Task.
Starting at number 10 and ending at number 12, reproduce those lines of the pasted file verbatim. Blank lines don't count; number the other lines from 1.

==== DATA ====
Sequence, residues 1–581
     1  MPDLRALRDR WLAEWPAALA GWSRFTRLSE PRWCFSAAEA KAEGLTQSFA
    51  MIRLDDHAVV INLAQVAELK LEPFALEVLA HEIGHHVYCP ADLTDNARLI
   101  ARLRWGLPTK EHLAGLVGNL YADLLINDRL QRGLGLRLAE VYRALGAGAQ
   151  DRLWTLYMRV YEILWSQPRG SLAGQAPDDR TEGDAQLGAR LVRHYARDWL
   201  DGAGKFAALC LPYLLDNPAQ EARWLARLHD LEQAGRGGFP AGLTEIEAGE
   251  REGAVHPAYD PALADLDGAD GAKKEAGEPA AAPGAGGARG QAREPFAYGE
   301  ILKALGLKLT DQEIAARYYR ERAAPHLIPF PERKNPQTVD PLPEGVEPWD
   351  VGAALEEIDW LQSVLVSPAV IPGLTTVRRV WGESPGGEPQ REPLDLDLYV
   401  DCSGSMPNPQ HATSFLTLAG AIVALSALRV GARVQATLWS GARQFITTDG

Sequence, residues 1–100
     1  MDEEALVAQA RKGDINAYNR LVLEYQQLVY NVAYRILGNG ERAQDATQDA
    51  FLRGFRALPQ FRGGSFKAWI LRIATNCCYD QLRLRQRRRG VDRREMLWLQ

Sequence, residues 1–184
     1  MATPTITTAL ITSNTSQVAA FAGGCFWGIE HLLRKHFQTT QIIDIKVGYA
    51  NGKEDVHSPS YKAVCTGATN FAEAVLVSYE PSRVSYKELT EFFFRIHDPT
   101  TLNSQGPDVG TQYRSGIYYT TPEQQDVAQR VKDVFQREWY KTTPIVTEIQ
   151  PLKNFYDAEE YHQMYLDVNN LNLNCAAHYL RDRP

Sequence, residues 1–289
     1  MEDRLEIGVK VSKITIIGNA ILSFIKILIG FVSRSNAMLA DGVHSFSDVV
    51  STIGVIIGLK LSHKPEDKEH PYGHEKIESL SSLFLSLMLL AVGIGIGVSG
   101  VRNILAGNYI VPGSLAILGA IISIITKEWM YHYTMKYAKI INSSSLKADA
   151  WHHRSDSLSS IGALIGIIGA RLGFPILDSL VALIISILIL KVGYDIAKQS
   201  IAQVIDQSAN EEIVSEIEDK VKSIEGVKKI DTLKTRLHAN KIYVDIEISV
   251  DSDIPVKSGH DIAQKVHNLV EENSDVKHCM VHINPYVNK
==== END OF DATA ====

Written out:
   401  DCSGSMPNPQ HATSFLTLAG AIVALSALRV GARVQATLWS GARQFITTDG

Sequence, residues 1–100
     1  MDEEALVAQA RKGDINAYNR LVLEYQQLVY NVAYRILGNG ERAQDATQDA